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A man who is a known heterozygous carrier of oculocutaneous albinism marries his half-cousin (they share one common grandparent) as shown in the pedigree below. This trait is transmitted as a fully penetrant autosomal recessive. What is the probability that this couple will produce a child with this disorder?

A. 1/2
B. 1/4
C. 1/8
D. 1/16
E. 1/64

My calculation was 1/2 (for II-2 as he must be carrier) * 1/2 (for II-3) * 1/2 (for III-2) * 1/4 = 1/32. Please help me out by proper explanation to your steps and point out my mistakes. The correct answer given is 1/64. Pedigree shown in the image below.


                  enter image description here

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    $\begingroup$ Also a proper attempt at answering for yourself should include your working, for example, why did you do 1/2 * 1/2 * 1/2 * 1/4 rather than 1/2 * 1/2 * 1/4 * 1/4? Therefore I think it should be closed as homework. $\endgroup$ – rg255 Feb 5 '16 at 23:20
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From what I can tell, you are not including the probability of the grandfather being a carrier (it could be the grandmother who is the carrier). Calculation should go like:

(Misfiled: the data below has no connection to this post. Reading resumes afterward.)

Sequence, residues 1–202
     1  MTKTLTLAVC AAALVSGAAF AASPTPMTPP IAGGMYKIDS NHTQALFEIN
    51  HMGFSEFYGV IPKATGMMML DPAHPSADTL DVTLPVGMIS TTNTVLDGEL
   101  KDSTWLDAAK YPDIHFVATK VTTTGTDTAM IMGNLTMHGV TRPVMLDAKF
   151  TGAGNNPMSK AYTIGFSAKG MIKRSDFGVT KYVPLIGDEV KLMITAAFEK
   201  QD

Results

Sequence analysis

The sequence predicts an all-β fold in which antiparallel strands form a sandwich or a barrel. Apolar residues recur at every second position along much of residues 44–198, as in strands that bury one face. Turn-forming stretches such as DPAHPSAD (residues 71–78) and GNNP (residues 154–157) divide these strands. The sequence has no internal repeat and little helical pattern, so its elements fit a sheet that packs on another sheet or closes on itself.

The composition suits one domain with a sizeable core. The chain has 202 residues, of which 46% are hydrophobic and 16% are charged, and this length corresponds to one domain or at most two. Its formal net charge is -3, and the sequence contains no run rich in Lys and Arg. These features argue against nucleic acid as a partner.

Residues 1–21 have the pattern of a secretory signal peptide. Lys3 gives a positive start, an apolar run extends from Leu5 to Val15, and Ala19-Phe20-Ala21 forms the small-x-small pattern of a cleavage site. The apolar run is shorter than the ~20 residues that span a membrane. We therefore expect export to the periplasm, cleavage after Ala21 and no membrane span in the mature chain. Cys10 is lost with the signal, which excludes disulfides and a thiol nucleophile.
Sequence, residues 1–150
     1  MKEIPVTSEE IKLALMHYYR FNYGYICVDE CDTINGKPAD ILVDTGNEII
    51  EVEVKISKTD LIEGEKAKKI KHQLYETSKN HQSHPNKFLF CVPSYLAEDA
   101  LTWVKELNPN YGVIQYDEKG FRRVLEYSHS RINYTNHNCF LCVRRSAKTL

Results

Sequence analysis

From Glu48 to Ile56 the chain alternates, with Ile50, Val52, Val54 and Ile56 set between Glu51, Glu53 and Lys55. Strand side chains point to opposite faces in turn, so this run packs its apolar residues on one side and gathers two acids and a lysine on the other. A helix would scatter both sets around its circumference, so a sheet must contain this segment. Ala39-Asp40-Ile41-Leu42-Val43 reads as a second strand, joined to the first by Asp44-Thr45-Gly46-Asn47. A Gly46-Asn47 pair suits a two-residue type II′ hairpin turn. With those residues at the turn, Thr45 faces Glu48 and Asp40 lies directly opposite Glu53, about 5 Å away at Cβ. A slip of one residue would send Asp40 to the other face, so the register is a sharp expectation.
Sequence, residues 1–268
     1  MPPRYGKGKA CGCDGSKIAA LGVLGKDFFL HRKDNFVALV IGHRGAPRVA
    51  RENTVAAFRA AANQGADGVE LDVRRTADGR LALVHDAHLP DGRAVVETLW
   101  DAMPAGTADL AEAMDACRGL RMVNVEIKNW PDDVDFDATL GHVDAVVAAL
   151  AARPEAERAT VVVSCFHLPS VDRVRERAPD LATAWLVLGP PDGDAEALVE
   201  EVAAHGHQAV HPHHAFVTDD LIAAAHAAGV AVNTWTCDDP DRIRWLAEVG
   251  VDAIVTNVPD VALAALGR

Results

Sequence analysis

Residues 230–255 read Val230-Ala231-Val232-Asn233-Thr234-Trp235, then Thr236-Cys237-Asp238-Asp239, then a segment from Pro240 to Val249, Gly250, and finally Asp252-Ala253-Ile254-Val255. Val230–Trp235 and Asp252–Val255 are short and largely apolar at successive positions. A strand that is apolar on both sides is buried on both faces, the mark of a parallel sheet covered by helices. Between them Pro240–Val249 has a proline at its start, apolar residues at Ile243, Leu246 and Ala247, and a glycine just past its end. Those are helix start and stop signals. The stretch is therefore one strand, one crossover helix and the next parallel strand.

P(Child is born with disorder) = P(II-2 is carrier) * P(I-2 is carrier) * P(II-3 is carrier) * P(III-2 is carrier) * P(Child is homozygous recessive)

P(Child is born with disorder) = (1/2) * (1/2) * (1/2) * (1/2) * (1/4)

P(Child is born with disorder) = 1/64

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    $\begingroup$ I was just about to comment, you can Google "A man who is a known heterozygous carrier of oculocutaneous albinism" and the question has been answered on other forums. For book questions I find this is often the fastest way to get an answer. $\endgroup$ – CKM Feb 5 '16 at 19:44
  • $\begingroup$ thanks a lot everyone. but how do we get the probability of grandfather as he is the first one in the pedigree so how did u get his probability to be 1/2. please explain. @ CactusWoman $\endgroup$ – Maryam Khan Feb 6 '16 at 12:54
  • $\begingroup$ @MaryamKhan The probably of the grandfather being the carrier is the same as the probability of the father being the carrier (given that the son is heterozygous). If we assume that the father is the carrier, we know that one of his parents must be the carrier. It must either be the father's mother or the father's father, giving us a 1/2 chance of the father's father being the carrier. The fact that the grandfather is the first in the pedigree does not really matter, as we calculate these probabilities up the lineage starting with the heterozygous man. $\endgroup$ – C_Z_ Feb 6 '16 at 23:29
  • $\begingroup$ Thanks a lot CactusWoman :-) now i understand it. Thanks a lot for your suggestion. that really helped when i searched the question on google @ Kendall $\endgroup$ – Maryam Khan Feb 8 '16 at 17:17

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